Never, ever assume (Day 5)
The morning of Day 5, we split up into three groups again. G’s wife dropped from the front group back to my group, but otherwise we were the same as on Day 4.
And here we made a bad mistake.
We’d been warned—and it’s only common sense—to make sure that if the groups split up, each group was self sufficient. And we had done some cursory checking—we knew each group had bear spray, and we knew there were tents in each group. Everyone was packing their own sleeping bag. But it turned out we had made one very important assumption that would prove to be incorrect.
However, heading out on to the trail, everything seemed good.
We made the three miles to Bare Loon Lake without too many problems, although our pace was definitely slower. The terrain had changed again, and the trail was rougher, with more scrambling up and down small hills. The guys were lagging, and I was unable to push off my injured leg at all—or land on it first with my full weight coming down. I was using my walking stick almost as a crutch going up or down. I managed to keep up pretty well, and I was still weight bearing—I just couldn’t trust that leg to be fully load bearing.
So by the time we hit Bare Loon Lake, I was tired and ready for lunch. This was the most primative of the campgrounds we passed through. There wasn’t even a warming cabin, just a covered pavilion where people could sit to eat. Seeing this, we were doubly glad we had stopped at Lindeman the night before. But the scenery was pretty:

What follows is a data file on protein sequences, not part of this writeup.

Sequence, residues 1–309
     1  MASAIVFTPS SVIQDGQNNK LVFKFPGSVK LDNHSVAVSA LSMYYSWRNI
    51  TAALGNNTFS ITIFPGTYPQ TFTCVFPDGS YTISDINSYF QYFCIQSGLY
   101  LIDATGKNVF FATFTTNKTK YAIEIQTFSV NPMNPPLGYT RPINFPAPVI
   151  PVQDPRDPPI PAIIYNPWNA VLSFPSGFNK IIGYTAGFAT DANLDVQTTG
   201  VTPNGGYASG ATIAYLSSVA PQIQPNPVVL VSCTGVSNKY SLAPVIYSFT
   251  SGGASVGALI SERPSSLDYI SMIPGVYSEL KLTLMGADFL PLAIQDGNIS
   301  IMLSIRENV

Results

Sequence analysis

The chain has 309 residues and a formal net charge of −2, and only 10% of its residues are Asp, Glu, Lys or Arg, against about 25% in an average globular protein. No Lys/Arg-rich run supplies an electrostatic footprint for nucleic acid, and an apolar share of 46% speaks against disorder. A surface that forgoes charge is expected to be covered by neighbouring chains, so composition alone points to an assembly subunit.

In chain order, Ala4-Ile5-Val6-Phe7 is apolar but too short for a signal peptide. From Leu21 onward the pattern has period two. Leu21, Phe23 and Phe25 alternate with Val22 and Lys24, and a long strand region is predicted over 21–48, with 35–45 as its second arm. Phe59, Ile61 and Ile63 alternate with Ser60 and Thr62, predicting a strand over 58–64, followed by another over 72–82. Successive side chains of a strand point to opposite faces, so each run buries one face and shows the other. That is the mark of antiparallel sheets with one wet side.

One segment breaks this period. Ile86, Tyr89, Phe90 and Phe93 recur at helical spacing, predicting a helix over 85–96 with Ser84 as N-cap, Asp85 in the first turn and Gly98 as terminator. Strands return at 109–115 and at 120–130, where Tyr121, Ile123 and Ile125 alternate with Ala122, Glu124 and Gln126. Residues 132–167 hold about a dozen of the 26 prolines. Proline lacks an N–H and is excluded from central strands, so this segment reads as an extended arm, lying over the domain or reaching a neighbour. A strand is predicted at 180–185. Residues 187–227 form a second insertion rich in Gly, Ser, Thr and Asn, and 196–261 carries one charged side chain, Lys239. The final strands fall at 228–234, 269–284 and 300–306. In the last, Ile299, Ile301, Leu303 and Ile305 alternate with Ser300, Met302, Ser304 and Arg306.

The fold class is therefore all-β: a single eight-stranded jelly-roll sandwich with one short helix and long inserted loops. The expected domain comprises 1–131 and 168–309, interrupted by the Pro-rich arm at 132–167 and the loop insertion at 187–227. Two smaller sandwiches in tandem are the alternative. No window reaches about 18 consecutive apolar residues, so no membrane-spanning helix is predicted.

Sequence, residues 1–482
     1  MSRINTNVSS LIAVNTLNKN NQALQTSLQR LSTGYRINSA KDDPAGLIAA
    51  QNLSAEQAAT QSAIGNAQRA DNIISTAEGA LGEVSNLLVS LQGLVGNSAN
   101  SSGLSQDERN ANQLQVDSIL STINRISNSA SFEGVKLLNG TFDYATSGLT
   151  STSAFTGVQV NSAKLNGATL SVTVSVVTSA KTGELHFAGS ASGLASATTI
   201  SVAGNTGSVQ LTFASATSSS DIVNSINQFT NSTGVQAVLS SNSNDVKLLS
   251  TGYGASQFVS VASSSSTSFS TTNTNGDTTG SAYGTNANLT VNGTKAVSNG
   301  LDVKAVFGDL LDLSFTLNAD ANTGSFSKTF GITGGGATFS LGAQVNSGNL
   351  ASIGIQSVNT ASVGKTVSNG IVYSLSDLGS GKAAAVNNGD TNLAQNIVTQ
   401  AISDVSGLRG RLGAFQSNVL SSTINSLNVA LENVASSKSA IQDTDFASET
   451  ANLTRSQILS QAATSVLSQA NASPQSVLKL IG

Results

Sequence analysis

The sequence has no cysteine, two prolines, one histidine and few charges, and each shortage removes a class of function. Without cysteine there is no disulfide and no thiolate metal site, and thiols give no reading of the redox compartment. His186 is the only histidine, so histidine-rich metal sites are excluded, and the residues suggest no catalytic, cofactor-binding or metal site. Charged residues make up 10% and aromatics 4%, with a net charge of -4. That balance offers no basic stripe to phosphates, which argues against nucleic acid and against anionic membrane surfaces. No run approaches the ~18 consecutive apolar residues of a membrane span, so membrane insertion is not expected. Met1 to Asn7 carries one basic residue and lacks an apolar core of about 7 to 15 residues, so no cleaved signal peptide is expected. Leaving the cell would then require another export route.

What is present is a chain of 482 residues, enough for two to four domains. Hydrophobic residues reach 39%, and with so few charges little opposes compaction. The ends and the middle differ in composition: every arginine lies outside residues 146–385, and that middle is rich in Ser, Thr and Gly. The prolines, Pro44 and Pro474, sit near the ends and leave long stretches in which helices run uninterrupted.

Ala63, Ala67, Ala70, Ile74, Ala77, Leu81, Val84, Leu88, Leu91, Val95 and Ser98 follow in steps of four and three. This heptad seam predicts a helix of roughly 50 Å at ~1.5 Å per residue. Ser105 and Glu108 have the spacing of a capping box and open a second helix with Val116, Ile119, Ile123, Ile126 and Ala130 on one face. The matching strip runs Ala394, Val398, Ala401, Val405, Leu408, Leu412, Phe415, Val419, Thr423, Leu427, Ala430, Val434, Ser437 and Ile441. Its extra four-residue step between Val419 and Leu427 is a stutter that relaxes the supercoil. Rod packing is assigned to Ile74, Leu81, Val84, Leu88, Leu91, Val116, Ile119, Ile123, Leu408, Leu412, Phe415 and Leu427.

Unfortunately, it turned out no one in the group had a stove. And I only had dehydrated food in my pack. Well, that’s not true. I also had some trail mix and jerky, but I couldn’t open the bag without gagging—a leftover issue from Day 2 and 3. G and his wife had a bag of peanuts that they shared with me, and I was able to eat that, probably because they didn’t have all the trail mix smell associated with them. But other than that, all I had was a few power energy gummy things.
B was in the same boat that I was in, and while C and G had a little food, they didn’t have a lot they could share with us.
When we left Bare Loon Lake, we were not in much better shape than when we arrived.
Very soon after, we became punchy. The jokes become more off color, and… but no. The Trail Pledge is sacred.
We had heard at Lindeman that there was an artist somewehere along the trail, drawing or painting or something. And while we were tired, hurt, and pretty jaded by scenery at this point, somewhere deep down we still appreciated the scenery. Or the idea of scenery, at least.
And so, when we hit a section of the trail and realized the artist was sketching, we were of course deeply respectful and reverent. One of the guys and I didn’t do anything like scramble up to see what she was sketching and call back to the other two “It’s just a lake. We’ve seen them before.” Or advise the artist that she should just take a photograph. Or nearly fall down with laughter at our wittiness.
Look, we were tired. And hungry. All of us were hurting. We were not ourselves.
But we thought we were freaking hilarious.
We headed out on the trail again, but we hadn’t gone too far before we were taking another break. The artist and the guide with her walked by not long after and we got a much-deserved stink eye.
However, when we leap frogged them again a little later, I think they realized just how beat we were, and they assured us that we were very close to camp. Only a mile or a mile and a half, and we just had to get down to and through the sandy stretch.
Like everyone else on the trail, they lied. But I don’t think it was intentional—their camp was based at Lake Bennett, and they were making some trips inland so the artist could do her sketching. They were not nearly as trail weary as we were, and I’m sure it seemed like a much shorter walk to them.